Monday, January 18, 2016

Is Gold Undervalued?

 In my daily trip around the latest opinions and analyses of the precious metals markets, there was one phrase that seems to recur again and again. That phrase is “gold is undervalued”. One article I read pronounced on this matter by stating that the gold market was under government control and that the fundamentals of gold supply and demand did not matter at all. Anyone who invests in gold believing this can only be doing it in hope rather than analysis.

Another article made the novel suggestion that gold is undervalued because gold mining companies diluted shares and took on more debt in order to mine more gold (the implication being that without this debt, less gold would have been mined, therefore the price would be higher).

Apart from some questionable analysis (using number of shares instead of the self-adjusting share price and expressing ratios by ounce of gold rather than the price of gold), the conclusion was again that gold was undervalued.

But is that true? Is there some indefinable price which gold “should” be at but somehow is being held back? Can the advocates of this theory tell us what this mysterious price of gold is? Is it $5000 or $10000 or perhaps higher? And why is it always “undervalued”? Was there ever a time in the last 15 years when it was “overvalued”?

Or is the market sufficiently free and efficient to accurately discover the price of gold better than any other mechanism that science and society can offer? I think it is as it seeks equilibrium between buyers and sellers across all markets at all times across the world. That, of course, will include any so called surreptitious sellers and buyers beloved of conspiracy theorists. As you can guess, I do not subscribe to the theory that paper gold can hold down the price of physical gold for any sustained period (but that’s another article for another day).

But, going along with this view, how would you devise a metric as to whether gold is overvalued or undervalued? Perhaps, like the famous price earnings ratio of the equities market, we can see whether gold is above or below an average historic metric? One approach would be to calculate the inflation adjusted price of gold over the last 140 years and then work out the average price over that same period. The result is the chart below.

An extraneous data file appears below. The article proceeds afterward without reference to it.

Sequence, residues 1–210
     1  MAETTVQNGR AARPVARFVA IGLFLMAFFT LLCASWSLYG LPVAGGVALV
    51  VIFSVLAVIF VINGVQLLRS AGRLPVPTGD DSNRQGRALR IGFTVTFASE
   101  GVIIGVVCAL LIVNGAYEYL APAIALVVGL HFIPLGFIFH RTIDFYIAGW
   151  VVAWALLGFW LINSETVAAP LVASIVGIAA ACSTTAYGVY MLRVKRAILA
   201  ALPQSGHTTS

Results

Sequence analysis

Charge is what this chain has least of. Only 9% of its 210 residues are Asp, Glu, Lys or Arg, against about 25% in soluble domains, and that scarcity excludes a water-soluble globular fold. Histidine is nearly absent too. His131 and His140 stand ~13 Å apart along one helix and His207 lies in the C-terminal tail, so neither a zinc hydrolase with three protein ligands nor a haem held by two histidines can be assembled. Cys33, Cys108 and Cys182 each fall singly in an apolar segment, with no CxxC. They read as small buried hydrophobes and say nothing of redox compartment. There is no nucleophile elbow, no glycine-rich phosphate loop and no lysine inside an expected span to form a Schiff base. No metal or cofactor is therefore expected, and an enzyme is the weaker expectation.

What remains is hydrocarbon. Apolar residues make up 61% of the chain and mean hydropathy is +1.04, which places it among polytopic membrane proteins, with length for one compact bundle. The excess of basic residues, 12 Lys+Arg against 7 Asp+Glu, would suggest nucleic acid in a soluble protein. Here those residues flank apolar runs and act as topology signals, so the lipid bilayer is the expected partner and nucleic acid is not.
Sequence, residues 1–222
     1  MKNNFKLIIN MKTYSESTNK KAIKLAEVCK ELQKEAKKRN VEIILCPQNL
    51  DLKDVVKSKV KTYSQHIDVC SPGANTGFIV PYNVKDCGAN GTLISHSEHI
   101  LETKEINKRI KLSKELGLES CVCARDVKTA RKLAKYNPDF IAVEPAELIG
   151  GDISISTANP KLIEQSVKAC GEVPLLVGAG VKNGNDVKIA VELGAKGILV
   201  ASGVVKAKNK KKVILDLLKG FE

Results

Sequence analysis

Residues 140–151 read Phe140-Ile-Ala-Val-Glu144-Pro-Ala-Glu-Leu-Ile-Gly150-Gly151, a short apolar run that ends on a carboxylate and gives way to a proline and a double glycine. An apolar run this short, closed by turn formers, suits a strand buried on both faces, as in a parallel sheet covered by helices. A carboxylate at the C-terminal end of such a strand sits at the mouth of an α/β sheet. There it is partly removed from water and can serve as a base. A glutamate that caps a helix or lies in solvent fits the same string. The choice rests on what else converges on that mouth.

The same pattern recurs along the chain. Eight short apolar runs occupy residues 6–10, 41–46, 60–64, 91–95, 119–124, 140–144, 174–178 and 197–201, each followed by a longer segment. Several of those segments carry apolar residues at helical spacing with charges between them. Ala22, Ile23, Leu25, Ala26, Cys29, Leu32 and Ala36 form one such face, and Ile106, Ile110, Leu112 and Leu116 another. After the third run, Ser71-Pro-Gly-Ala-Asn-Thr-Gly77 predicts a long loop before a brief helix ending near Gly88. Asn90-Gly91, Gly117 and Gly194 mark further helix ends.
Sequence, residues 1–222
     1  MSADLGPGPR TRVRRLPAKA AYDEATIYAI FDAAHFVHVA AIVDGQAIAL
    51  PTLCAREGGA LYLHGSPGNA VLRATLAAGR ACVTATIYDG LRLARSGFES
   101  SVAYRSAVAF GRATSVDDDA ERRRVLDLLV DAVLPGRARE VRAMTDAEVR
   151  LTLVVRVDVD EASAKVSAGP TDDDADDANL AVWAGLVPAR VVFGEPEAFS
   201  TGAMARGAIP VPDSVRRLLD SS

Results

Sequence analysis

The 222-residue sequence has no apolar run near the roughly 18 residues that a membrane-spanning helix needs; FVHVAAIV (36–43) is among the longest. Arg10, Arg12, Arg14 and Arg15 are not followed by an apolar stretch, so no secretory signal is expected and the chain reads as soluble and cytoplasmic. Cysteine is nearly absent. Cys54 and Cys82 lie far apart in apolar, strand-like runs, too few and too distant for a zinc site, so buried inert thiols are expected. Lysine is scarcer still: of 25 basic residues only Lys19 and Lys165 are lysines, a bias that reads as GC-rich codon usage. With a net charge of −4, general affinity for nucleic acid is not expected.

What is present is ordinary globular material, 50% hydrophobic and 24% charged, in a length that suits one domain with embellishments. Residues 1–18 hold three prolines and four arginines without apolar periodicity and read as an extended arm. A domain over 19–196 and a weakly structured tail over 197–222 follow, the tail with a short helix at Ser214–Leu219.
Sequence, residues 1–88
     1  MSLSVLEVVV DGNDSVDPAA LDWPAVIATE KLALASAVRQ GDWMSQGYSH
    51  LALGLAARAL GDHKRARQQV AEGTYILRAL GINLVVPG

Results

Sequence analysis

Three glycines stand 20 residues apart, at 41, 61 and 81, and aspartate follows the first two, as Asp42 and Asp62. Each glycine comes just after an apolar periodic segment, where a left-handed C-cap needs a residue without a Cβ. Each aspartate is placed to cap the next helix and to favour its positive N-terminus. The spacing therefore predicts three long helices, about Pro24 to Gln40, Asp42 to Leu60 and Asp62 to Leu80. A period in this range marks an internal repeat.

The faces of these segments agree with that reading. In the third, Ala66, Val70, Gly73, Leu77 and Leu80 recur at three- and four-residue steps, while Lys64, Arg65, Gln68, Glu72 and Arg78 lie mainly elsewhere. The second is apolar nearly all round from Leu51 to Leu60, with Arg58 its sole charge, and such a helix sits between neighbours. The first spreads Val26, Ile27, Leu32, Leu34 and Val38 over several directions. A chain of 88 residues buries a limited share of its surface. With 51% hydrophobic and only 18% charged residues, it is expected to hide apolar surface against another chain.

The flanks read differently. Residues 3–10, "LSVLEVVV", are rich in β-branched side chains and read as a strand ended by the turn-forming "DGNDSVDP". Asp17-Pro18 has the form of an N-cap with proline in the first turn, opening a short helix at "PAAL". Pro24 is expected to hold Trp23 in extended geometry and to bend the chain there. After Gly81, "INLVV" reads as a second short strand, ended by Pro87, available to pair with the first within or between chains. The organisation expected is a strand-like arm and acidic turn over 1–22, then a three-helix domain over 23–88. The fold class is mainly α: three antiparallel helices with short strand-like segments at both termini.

The average price of gold turns out to be about $562 per ounce. As you can see, gold is well above that value just now. By way of comparison, the P/E ratio of the US equity markets is somewhere around 24 and the historic average is nearer 16. This is used as an indication that stocks are overvalued and should be sold. Does this mean the chart above is issuing a sell signal for gold?

That is rather debatable, just as the stock market can gravitate for years above its P/E average, so could gold. The point I am demonstrating is that I have found a metric that suggests gold is overvalued, but will certain analysts agree with this? I don’t think so and I would have my own reservations (as regards silver, this is for subscribers only).

My take on this pricing perception is that it doesn’t matter, the price of gold is neither undervalued nor overvalued, and it is as close to the correct price as it can be. What is actually up for debate is whether events will change in the future that make the current price of gold undervalued or overvalued by comparison.

In other words, events change and the gold prices adjusts accordingly as the market absorbs the information. For example, if information arrives which suggests the supply of gold may become constrained in the imminent future, then the price should rise.

However, that does not mean that gold was previously underpriced. It merely means new information means a new price adjustment. In regards to the information published by gold conspiracy theorists, the market has absorbed and assessed that information long ago, made its collective decision and reflected that in the price.

Of course, if verifiable information came to the market that Fort Knox was empty; the price would readjust to the upside. But it cannot be said that gold prior to that point was undervalued as the market had as best as possible reflected all knowledge available.

In this light, going back to the argument that gold mining companies have rendered gold undervalued due to share dilution and debt loading, this is again a non-argument. The truth is the gold price has adjusted to a changed paradigm in the way it is extracted from the ground. What is actually being said is that gold is undervalued compared to a paradigm where mining companies do not dilute shares or increase debt.

But that is merely a theoretical construct in the same way as one could state that gold is undervalued (or perhaps overvalued?) because governments impose royalty taxes on indigenous gold mine production. Markets deal in reality not theory. It is the cumulative effect of myriads of buyers and sellers striking a deal for their particular piece of gold.

Does this mean I am not bullish on gold? Certainly not. The point is analysts should try and avoid language which may give investors a false impression of the current situation (with the emphasis on “current”). In my opinion, the price of gold will rise as inflation returns and when Peak Gold arrives. When these events become verifiable facts, then the market will adjust and that will be somewhere well north of where we are just now.


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